I’m not an Earth Mother, I’m more aligned with a Rainbow Mother and that’s ok.

Do you see yourself more of one than the other or perhaps a bit of both? Would love to know your thoughts! Had you head of a Rainbow Mother before?


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A letter from a new born to their Mummy xx

Note: I’ve adapted this from a couple of my favourite versions.

Dear Mummy,

I know I’m fairly new to this world, and almost every moment is a new experience for me. While you seem more familiar with these surroundings, I know this is all brand-new for you as well. In fact, you may seem a bit overwhelmed, so I want you to know it’s going to be OK. We’re going to do just fine. I’m not as complicated as you might think – in fact, my needs are pretty simple so let me break it down as best I can.

• Your voice – please let me hear it. Whether you sing or talk, murmur or hum, I just love to hear the sound of your voice. It’s comforting and soothing, and it lets me know you’re here. Even if I don’t understand any of what you’re saying, I love it.

• Your body. I know your body changed a lot because of me, and I’m sure you’d like to change it back as quickly as you can now I’ve arrived. But, your softness is my happy place. You are my cuddles and hugs and the best place for me to sleep. In fact, I connect best with you, your skin touching my skin. I don’t understand a lot but the feel of you holding me is something I definitely know and crave. So, please don’t be so quick to let this go – or let me go. I love you the way you are – right now.

• I have one voice. Whether I’m tired, hungry, have a wet nappy or a tummy ache, I can only tell you with a cry. As I get older, I will learn new and different ways to express myself but for right now, it’s all I’ve got. So, please have patience with me – when you’ve just fed me and changed me I should be happy, but maybe now I’m cold. Or, I’m awake but not ready to be – and I can’t get myself back to sleep. I know I will try and test your patience and your energy level. Please bear with me.

• You are my everything. I need you. I can’t do anything on my own yet. While I know it’s selfish of me but you need to put me first for right now. I know you can do it, and when you have the opportunity, let other people help you out. If you trust them, I trust them and you don’t need to feel guilty about it. I don’t need you to be Super Mum, just my mum.

• Speaking of trust, I’m going to really test yours. Being a mum is hard and you’re going to worry and wonder if you’re doing the right things for me. Trust your instincts; you have them for a reason. Listen to advice, weigh options and opinions but in the end, I’m your baby, so you make the decision that’s best for me and you.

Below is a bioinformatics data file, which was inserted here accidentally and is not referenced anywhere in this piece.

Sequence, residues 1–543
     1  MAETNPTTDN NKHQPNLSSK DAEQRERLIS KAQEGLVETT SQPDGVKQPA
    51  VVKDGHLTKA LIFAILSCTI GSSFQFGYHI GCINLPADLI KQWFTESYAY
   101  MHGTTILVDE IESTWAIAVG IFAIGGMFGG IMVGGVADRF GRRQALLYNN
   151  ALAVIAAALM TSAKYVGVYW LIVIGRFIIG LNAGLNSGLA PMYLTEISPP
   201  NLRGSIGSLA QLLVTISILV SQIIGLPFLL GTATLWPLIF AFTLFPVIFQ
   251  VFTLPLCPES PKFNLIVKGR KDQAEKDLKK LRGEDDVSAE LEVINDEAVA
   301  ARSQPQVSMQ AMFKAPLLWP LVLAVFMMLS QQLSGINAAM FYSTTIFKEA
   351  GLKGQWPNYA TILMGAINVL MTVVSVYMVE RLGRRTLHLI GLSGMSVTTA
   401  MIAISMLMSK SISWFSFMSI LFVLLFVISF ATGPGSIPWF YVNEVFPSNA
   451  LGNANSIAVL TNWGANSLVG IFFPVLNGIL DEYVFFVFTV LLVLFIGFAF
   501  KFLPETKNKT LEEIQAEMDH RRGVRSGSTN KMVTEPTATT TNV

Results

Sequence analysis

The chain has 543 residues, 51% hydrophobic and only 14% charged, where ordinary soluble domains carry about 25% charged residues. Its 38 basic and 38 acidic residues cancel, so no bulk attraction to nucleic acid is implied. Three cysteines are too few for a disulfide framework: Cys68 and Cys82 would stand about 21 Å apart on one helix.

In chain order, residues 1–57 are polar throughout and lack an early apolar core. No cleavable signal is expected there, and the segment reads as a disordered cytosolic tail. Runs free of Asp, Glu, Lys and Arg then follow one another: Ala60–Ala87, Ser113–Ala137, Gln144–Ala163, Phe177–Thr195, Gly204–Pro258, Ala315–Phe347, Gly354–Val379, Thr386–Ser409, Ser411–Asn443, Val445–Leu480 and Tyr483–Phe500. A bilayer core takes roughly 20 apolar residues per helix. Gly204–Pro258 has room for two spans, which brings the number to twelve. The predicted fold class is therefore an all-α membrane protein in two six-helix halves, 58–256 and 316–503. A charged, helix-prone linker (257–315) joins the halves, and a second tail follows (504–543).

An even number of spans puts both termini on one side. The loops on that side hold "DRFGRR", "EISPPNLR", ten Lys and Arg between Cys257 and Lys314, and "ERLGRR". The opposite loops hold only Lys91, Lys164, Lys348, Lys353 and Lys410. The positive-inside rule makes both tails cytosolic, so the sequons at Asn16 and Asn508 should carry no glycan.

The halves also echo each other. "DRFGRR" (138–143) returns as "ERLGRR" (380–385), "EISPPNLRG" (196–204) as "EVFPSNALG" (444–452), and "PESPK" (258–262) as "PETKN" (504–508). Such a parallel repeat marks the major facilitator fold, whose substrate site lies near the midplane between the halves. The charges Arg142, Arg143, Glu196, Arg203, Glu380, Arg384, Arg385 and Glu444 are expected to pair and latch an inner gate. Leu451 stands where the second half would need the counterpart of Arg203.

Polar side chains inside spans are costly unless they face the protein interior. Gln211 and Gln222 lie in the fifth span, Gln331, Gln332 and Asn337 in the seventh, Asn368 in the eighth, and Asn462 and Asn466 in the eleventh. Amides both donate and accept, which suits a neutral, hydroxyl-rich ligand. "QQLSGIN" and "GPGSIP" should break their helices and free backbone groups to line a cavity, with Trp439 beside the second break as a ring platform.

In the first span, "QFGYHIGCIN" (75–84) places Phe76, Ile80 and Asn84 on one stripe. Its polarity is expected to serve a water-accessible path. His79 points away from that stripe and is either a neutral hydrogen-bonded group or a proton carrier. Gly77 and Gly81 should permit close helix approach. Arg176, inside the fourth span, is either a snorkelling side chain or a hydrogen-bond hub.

• Take care of yourself. Be mindful of what you eat and drink, your health, your emotional and physical wellbeing; yes, even your rest though I know that’s a bit ironic coming from me right now. I need you around – not just for today or this year but as long as is humanly possible

Lastly, I love you – no one can ever be who and what you are to me. 

Good luck, Mummy, I know you’ll do great!

Love always,


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Sam – Motherhood and surviving cancer

Mummababy_space and SamSpace

This is Sam’s story, she is a 3 times cancer survivor and as well as training as a Post Natal Doula she has also turned her experiences into a way to support other women that may be experiencing similar to her at a vulnerable time in their lives. Amazingly brave and inspiring, here’s her story…

“Twelve years ago, at the age of 27 I was diagnosed with breast cancer. It was hormonal so I was terrified my fertility would be affected. We did all we could to protect my ovaries and seven years later, after coming off tamoxifen three months after getting married, we fell pregnant. 

We had a gorgeous baby girl and 18 months later, at a regular check up, my consultant found a lump on my clavicle. It was a secondary breast cancer. 18 months after that, I was diagnosed for a third time, this time in my right breast. I set up a survivor support group after dealing with PTSD and depression after treatment finished and focused all gatherings around wellbeing workshops. 

The Samspace_safespaceaftercancer support group is now running quarterly and I post new blogs about ways we can empower our recovery, as often as I can. After desperately wanting another child but all my cancers being hormonal, I couldn’t cope with the side effects of one of my maintenance drugs anymore, so decided to have my ovaries removed and a hysterectomy last February. 

It has been one hell of a journey but I am now being mentored as a post natal Doula and I absolutely love it! Ultimately I want to be able to help other mums who have been affected by cancer or chronic illness during, before or after pregnancy. 

This area is specialised but so needed and after my experiences, I feel passionately about being able to access this kind of support and empathy at an already vulnerable and challenging time.